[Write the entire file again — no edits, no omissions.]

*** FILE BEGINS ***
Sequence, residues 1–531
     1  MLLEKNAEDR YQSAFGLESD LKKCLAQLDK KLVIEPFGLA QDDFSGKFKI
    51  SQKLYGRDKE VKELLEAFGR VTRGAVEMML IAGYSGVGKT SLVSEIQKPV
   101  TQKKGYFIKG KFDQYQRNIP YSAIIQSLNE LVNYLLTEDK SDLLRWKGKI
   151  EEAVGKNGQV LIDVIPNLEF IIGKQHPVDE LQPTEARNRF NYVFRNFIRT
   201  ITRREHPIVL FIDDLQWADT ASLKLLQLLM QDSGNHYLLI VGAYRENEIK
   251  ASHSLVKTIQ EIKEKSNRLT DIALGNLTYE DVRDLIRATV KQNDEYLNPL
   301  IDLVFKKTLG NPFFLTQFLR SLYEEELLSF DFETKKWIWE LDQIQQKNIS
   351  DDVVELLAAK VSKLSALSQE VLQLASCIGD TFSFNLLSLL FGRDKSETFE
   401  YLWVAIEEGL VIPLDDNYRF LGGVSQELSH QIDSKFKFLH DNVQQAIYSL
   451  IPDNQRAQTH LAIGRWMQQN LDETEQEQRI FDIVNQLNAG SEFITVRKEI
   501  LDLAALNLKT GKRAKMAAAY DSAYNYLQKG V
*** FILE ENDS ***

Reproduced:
Sequence, residues 1–531
     1  MLLEKNAEDR YQSAFGLESD LKKCLAQLDK KLVIEPFGLA QDDFSGKFKI
    51  SQKLYGRDKE VKELLEAFGR VTRGAVEMML IAGYSGVGKT SLVSEIQKPV
   101  TQKKGYFIKG KFDQYQRNIP YSAIIQSLNE LVNYLLTEDK SDLLRWKGKI
   151  EEAVGKNGQV LIDVIPNLEF IIGKQHPVDE LQPTEARNRF NYVFRNFIRT
   201  ITRREHPIVL FIDDLQWADT ASLKLLQLLM QDSGNHYLLI VGAYRENEIK
   251  ASHSLVKTIQ EIKEKSNRLT DIALGNLTYE DVRDLIRATV KQNDEYLNPL
   301  IDLVFKKTLG NPFFLTQFLR SLYEEELLSF DFETKKWIWE LDQIQQKNIS
   351  DDVVELLAAK VSKLSALSQE VLQLASCIGD TFSFNLLSLL FGRDKSETFE
   401  YLWVAIEEGL VIPLDDNYRF LGGVSQELSH QIDSKFKFLH DNVQQAIYSL
   451  IPDNQRAQTH LAIGRWMQQN LDETEQEQRI FDIVNQLNAG SEFITVRKEI
   501  LDLAALNLKT GKRAKMAAAY DSAYNYLQKG V